“Poldark is a Cornish character, but the family was quite wealthy and well-respected, and Ross would have gone to public school, so he probably wouldn’t have had a Cornish accent. It just made more sense not to have it. And I’m sure it made my life easier! We had a really good voice coach on set but my English accent is pretty practiced – for a lot of Irish actors it’s a second tongue, having grown up watching the BBC.

“I’ve never really given the Cornish accent a proper go though, and there is something about it that is a little bit like Irish, so maybe it wouldn’t have been a million miles away from my own voice. I might have looked a bit more foolish though if it hadn’t worked. When I listen to Jud and Prudie I can’t understand a single word of it! And even Demelza at times, I look at her script, which is written phonetically, and I can’t work any of it out.”

…Ride a horse

I’d done quite a bit of riding in New Zealand for the Hobbit but I was by no means an expert! I’m an actor, dahling, I’m faking it! You have to look like you’ve been doing it all your life. I went to a brilliant horse trainer in Yorkshire for a couple of weeks and got more comfortable in the seat, basically.

“My horse’s name is Seamus. He’s a cool, Irish horse, so we get on great. He’s a celebrity now and has a lot of people visiting him at his stables – apparently they all rub his saddle for some reason, I have no idea why!

“I’ve just come back from LA and I was horse riding over there quite a bit – a few pals have got horses and we were out riding around, but producers seriously don’t want to hear that. It’s fine when it’s a few months before I start work again, but if I come off a horse in the middle of a job and hurt myself, it tends to aggravate the people paying my wages.”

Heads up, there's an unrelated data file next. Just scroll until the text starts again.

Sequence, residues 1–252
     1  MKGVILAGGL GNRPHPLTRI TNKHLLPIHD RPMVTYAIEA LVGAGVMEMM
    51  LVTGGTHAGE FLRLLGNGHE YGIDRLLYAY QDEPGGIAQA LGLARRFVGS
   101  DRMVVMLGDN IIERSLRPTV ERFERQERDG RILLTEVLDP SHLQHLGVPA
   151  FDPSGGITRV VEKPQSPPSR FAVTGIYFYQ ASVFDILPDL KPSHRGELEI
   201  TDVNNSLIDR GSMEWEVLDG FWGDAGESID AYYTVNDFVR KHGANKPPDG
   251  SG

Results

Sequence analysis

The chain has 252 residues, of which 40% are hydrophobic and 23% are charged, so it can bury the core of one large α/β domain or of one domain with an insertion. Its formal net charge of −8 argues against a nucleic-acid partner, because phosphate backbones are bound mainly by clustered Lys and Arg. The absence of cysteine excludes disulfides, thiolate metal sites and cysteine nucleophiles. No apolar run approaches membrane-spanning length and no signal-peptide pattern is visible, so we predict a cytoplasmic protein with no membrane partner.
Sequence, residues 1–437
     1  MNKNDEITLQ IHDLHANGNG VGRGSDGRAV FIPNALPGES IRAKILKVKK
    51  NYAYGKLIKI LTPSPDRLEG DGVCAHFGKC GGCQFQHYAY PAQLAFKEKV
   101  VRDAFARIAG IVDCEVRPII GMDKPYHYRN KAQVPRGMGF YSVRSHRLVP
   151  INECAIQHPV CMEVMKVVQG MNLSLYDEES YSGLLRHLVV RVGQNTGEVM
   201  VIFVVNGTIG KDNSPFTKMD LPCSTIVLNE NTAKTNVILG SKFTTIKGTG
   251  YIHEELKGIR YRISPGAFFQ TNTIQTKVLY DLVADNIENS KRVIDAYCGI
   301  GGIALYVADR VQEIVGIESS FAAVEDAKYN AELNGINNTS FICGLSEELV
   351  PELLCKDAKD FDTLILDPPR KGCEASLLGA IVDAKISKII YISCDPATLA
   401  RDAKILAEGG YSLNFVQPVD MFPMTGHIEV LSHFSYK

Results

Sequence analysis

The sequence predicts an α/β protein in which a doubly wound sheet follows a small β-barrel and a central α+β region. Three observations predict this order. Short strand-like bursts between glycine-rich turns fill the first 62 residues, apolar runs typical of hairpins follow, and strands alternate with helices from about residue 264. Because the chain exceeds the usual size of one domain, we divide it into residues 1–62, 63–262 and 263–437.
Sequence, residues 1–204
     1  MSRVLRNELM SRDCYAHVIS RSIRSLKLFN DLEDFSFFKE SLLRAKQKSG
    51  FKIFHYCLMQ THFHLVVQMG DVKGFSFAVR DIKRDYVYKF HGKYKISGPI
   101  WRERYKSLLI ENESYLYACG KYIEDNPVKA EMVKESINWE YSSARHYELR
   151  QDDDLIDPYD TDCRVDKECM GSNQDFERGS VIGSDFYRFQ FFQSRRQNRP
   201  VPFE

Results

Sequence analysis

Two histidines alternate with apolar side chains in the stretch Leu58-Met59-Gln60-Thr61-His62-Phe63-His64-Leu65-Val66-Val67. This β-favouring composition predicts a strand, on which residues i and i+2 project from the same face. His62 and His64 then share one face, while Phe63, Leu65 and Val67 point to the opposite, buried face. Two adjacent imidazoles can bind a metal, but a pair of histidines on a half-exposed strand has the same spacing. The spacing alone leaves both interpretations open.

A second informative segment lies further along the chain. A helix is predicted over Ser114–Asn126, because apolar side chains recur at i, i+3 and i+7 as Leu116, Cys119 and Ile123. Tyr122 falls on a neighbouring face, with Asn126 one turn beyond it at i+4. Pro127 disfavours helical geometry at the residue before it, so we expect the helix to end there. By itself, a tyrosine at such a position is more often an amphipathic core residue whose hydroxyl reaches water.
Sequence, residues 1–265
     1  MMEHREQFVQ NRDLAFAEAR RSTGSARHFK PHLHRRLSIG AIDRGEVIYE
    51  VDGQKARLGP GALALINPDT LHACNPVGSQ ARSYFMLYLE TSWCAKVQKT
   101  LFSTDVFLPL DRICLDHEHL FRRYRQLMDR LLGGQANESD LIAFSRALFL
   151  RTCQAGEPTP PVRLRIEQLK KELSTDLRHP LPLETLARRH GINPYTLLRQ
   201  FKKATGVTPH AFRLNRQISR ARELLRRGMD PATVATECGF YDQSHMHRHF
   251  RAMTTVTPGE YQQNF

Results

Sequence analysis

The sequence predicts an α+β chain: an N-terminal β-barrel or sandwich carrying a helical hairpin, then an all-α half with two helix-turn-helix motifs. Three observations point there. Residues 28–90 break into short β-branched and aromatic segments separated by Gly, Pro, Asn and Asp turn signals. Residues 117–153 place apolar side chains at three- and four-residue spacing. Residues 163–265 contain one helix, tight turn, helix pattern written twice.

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…Go underground

 “I went to Cornwall a couple of times before filming started – I’d never been prior to taking the role on – to actually go down some mines and see what the whole deal was. There are still a few working mines. It’s a very honourable and noble profession, a very ancient one, and it’s respected, but it wouldn’t be my cup of tea. It’s incredibly claustrophobic and dark, and y’know, you’re talking to an actor, we’re all lazy and the thought of manual work… I’m 32, I’m not scared of the dark anymore but the idea of spending all that time underground when it’s so beautiful above! When I got back to terra firma again, I took a deep breath and thought, “Thank God I’m back up in the sunlight.”

…Scythe a field

 “Anyone who knows scything looked at that scene and thought, “Oh, dear God, what is he doing?” A couple of experts criticised my technique and they were dead right to!

“There was actually an expert there, looking at me while I was doing it and shaking his head. I’d go back and say, ‘show me again,’ just to make him happy, and then I’d get back in front of the camera and carry on swinging it around again…

“He did say to me: ‘That’s ridiculous – you couldn’t do that for 10 minutes, you’d be exhausted. You’ve got a whole field to do here!’ But I only needed to do it for 45 seconds and I was obviously never trying to be a pro – it just had to look effective, and I think I did that. The real technique isn’t quite as dramatic. I do respect where he was coming from though, and we do have experts knocking around to keep us in check, especially with a period piece that has to be true to the time.”

…Swim for the cameras

I’m a strong swimmer but to be honest with you, I don’t know if there was much swimming involved in the scenes of me in the water. It was more thrashing around Timotei-style for a couple of minutes – not much swimming going on there!

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“The sea was gorgeous though. It was the height of the summer, it was really warm and we had this private beach – it was glorious.” 

Vote for Poldark in the Radio Times Audience Award at the Bafta TV Awards 2016